The new kid on the block, FootNote is known for digitizing historical
documents... many of which are genealogical gems. With naturalizations,
city directories, war records, newspapers, town records, etc... this new
kid is quickly being recognized as an alternative to Ancestry.
While we know our northern friends may not feel it, in the South, Spring is
here. So we thought we'd share a few of our gardening sites appropriate
for this time of the year. Along with gardening, there's grilling, and getting
ready to diet so that you can fit back into that bathing suit this summer!
as their name suggests, are connected with central life
events: birth, marriage, and death. Maintained by civil
authorities, they are prime sources of genealogical
information; but, unfortunately, official vital records are
available only for relatively recent periods. These records,
despite their recent creation in the United States, are
critically important in genealogical research, often
supplying details on family members well back into the
The Source: A Guidebook of American Genealogy,
by Loretto Szucs and Sandra Luebking.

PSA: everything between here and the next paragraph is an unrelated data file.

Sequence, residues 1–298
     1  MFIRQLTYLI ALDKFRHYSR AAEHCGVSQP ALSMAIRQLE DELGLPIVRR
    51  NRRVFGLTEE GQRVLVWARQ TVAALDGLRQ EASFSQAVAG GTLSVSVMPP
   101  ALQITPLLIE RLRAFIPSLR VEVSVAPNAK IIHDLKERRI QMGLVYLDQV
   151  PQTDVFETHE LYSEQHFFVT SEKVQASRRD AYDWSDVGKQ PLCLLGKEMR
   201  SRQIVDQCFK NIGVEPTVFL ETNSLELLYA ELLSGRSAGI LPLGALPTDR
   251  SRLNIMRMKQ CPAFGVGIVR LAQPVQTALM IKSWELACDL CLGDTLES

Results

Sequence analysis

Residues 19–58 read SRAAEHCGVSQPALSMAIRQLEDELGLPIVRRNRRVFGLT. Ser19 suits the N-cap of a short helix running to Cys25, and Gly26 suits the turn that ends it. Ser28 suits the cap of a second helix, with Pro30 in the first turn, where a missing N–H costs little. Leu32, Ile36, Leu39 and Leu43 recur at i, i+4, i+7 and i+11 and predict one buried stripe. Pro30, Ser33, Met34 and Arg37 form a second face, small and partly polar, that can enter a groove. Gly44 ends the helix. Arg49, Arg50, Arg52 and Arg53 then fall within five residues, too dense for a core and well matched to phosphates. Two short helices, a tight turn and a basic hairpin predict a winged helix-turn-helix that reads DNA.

Vital Records Section
State Department of Health
1330 West Michigan Street
PO Box 7125
Indianapolis, IN 46206-7125
Additional copies of the same record ordered at the same time
are $1.00 each. For earlier records, write to Health Officer in city or
county where event occurred.
Check or money order should be made payable to Indiana State Department of Health.
Personal checks are accepted. To verify current fees, the telephone number
is(317) 383-6274. Information on how to obtain certified copies is
also available at:
Browning Genealogy Database The Browning Genealogy Database is the lifetime work of Charles
Browning, who compiled the obituary records of Vanderburgh County and
surrounding southwestern Indiana from the Evansville newspapers: The
Evansville Courier, The Evansville Press, and now The Evansville Courier
Write to County Clerk in city or county where
divorce was granted.
Indiana Marriages to 1850
This database of Indiana marriages to 1850 contains nearly 200,000 names.
Each entry includes groom, bride, marriage date, county, and state. Every
name is indexed so you can search for one name, or two names that are
The marriage date is usually the date of marriage as given in the original
entry. However, when no marriage date is given (e.g., the "marriage
return" was not provided to the record keeper), the date of the license is
used. In a few cases, a marriage will be listed twice, but in two
different counties. This most often happened when a couple obtained a
license in one county, but were actually married in another. (Free
Marriage index since 1958 for some counties.
Certified copies are not available from State Health Department or State
Library but must be obtained from county where event occurred.